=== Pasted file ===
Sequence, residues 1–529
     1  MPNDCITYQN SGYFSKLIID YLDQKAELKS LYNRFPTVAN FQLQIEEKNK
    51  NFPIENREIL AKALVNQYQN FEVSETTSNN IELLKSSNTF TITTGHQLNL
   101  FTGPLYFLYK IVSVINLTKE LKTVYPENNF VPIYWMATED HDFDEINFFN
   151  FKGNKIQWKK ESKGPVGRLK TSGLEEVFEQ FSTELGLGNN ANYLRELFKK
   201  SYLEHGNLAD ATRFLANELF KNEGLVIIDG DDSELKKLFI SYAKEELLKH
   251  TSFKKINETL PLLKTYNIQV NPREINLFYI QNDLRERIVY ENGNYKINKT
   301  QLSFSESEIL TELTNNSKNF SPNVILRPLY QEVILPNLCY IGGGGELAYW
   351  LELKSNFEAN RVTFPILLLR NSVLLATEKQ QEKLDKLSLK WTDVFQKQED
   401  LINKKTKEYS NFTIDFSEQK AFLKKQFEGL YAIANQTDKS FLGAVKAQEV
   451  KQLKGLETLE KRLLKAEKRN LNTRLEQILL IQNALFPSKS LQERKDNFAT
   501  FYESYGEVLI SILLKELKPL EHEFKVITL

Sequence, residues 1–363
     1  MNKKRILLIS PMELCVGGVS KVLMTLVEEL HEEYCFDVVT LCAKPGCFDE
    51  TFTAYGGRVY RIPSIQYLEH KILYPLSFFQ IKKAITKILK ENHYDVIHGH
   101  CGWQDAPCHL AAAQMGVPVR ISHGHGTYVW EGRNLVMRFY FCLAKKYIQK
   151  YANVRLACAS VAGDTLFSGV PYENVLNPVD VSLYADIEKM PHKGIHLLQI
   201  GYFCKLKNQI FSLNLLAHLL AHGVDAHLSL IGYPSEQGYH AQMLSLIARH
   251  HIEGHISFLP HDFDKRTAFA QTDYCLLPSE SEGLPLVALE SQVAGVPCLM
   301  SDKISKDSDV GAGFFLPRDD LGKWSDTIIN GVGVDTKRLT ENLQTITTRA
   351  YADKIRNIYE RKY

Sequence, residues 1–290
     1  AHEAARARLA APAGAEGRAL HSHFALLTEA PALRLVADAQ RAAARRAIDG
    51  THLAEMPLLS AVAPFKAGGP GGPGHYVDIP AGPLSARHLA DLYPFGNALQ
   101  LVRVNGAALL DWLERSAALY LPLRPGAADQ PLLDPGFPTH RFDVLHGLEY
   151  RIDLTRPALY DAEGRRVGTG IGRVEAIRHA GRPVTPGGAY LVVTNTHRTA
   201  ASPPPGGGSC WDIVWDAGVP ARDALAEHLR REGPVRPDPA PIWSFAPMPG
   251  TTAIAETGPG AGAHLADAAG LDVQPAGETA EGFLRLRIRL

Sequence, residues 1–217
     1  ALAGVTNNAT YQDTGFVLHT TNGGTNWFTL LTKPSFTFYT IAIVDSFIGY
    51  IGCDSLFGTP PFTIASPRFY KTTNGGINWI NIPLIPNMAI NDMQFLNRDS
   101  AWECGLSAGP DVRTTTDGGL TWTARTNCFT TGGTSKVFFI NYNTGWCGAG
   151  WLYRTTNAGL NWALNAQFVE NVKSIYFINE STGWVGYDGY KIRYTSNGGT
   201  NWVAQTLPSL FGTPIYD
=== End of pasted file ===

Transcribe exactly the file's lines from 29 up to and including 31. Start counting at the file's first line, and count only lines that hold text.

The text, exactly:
Sequence, residues 1–217
     1  ALAGVTNNAT YQDTGFVLHT TNGGTNWFTL LTKPSFTFYT IAIVDSFIGY
    51  IGCDSLFGTP PFTIASPRFY KTTNGGINWI NIPLIPNMAI NDMQFLNRDS